Iran army chief: US-Turkey patriot missile move threatens 'world war'


File Photo: A Patriot Missile is launched against a target at the end of the joint United States-Israel Patriot Missile Interceptor Exercise in Israel's southern Negev Desert. The US confirmed on Thursday that it would deploy two Patriot missile batteries on the Turkish border with Syria.


IDF/File Photo

An Iranian Army chief today said US military support to Turkey over the conflict in Syria threatens "world war," according to this report from Iran's semi-official IRNA news agency. 

The statement from the Iranian Armed Forces chief of staff, Major General Hassan Firouzabadi, comes a day after US officials said they will provide Turkey with 400 US troops and Patriot anti-ballistic missile batteries to stave off spillover from the Syrian conflict. 

"We are friends with Turkey, and we want peace for Turkey, not a war from Syria's side," Firouzabadi said, warning that "each of these missiles are a dark point on the map of the world, and they are for starting a world war," according to ISNA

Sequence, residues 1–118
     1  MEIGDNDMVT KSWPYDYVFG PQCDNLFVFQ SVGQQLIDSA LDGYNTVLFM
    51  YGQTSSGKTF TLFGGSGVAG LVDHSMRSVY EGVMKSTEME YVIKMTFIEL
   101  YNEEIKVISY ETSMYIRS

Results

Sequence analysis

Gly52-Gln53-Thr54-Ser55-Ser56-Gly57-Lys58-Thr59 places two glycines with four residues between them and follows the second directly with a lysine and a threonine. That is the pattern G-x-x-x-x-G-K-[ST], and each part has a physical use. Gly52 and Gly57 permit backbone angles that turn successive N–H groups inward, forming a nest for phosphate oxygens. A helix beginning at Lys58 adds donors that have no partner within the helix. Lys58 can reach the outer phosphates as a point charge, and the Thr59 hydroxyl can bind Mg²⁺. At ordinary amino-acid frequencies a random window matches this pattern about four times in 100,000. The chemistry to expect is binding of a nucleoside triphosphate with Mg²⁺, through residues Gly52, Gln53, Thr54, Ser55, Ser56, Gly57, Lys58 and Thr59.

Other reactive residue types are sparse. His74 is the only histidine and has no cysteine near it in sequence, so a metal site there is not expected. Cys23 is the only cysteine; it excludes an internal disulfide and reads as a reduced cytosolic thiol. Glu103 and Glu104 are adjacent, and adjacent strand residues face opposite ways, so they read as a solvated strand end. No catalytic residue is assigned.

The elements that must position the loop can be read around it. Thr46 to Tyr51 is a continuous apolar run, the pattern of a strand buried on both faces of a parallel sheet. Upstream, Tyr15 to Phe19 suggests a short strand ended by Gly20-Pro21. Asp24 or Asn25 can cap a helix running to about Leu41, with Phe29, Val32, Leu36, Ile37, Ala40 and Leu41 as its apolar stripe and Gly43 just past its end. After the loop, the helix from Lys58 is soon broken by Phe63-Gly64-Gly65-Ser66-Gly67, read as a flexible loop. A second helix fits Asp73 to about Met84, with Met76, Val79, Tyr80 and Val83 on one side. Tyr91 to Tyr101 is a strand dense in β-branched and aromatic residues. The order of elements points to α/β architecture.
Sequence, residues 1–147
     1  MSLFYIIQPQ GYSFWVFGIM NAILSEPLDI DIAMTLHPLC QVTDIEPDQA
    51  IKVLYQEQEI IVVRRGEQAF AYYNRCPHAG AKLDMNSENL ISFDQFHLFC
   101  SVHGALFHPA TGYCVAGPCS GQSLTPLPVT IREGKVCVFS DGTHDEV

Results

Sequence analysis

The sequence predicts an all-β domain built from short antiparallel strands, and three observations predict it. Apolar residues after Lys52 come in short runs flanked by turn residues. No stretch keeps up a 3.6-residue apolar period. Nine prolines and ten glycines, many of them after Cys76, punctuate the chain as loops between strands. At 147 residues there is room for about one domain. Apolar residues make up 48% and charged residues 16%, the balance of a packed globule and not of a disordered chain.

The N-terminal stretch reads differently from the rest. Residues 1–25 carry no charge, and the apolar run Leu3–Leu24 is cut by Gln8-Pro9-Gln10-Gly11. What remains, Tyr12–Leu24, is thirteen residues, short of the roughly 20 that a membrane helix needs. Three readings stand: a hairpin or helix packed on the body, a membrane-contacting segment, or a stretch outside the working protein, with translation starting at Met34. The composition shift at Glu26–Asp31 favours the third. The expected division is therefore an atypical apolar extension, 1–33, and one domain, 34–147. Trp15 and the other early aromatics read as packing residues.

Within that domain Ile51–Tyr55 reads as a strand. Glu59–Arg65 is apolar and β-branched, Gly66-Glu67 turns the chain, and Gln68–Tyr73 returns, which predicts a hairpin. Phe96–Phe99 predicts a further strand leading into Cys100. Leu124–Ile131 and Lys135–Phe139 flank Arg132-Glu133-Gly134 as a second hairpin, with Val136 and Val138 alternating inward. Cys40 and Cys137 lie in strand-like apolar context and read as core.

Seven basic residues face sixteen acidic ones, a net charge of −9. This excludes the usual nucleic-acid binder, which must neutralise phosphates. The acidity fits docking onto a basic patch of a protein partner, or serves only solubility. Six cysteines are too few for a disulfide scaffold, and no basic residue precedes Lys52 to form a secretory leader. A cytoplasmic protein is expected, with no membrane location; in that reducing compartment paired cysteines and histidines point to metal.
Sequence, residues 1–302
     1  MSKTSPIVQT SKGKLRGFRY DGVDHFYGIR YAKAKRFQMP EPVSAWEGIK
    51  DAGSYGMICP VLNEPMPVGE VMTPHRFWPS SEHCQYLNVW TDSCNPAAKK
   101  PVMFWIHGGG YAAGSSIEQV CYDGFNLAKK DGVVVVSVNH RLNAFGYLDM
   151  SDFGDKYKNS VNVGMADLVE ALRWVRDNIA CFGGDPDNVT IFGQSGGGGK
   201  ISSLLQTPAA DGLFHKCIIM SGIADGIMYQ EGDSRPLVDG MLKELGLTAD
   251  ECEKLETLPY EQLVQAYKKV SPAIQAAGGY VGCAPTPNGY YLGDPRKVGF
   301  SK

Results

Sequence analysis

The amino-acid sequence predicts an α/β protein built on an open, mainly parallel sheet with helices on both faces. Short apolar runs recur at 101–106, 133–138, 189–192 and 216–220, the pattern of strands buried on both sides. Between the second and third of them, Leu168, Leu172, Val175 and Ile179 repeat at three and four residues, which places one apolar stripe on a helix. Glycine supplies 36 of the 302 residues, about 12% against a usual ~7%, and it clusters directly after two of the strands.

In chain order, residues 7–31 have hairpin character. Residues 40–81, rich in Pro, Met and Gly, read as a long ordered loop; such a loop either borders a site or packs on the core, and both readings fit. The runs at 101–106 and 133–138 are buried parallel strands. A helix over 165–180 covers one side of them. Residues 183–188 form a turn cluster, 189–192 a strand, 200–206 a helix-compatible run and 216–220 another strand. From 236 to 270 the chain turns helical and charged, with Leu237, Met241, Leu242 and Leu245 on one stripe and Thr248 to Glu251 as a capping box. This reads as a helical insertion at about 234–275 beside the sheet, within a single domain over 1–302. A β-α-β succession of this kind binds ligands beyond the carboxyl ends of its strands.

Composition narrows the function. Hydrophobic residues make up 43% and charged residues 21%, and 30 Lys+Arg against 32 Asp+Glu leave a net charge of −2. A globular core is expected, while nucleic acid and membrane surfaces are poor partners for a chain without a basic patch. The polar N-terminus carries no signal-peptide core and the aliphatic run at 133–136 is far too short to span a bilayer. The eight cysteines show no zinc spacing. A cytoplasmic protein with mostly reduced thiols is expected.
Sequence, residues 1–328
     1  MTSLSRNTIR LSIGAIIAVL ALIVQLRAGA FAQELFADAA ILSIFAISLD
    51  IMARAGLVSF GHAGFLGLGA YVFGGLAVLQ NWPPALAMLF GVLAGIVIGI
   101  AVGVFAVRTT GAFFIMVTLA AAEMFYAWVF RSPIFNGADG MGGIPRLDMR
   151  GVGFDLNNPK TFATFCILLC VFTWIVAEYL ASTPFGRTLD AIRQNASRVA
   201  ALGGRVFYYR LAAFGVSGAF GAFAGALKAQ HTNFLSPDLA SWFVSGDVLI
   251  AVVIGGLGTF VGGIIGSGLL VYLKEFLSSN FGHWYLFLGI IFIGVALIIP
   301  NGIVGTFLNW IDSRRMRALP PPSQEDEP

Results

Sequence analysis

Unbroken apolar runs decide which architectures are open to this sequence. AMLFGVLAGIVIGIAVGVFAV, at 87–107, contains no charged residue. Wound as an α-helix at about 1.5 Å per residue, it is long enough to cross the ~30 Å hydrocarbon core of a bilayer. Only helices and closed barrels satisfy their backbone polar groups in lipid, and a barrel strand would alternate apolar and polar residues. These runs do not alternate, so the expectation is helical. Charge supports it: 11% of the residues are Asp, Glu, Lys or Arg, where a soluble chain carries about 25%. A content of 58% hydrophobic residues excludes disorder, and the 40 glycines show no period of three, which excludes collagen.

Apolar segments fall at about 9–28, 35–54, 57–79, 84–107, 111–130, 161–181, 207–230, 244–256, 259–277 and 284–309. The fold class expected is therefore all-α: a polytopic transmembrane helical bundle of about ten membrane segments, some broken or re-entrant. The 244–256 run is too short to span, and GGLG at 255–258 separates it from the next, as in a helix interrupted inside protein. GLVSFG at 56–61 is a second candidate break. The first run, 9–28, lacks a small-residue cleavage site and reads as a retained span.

The comments, also reported by Reuters, comes just days after Syria allegedly launched Scud missiles from Damascus at rebels in the north in a bid to stamp out a 20-month rebellion. Syria has denied using Scud rockets.

US officials nevertheless claimed one of the missiles came close to the Syrian border with Turkey, according to CNN.

The US offer includes two Patriot missile batteries able to strike planes and missiles coming from Syria. 

Panetta was frank about the possible reaction from Syrian President Bashar al-Assad's regime: "We can't spend a lot of time worrying about whether that pisses off Syria," he told CNN.

More from GlobalPost: Syrian opposition on foreign military help: We can handle it

Germany and the Netherlands are also sending two Patriot batteries each to the Turkish border to help the NATO ally. 

NATO approved the decision last week but the forces might not cover all the at-risk territory, reported The New York Times.

The batteries are expected to start work in January.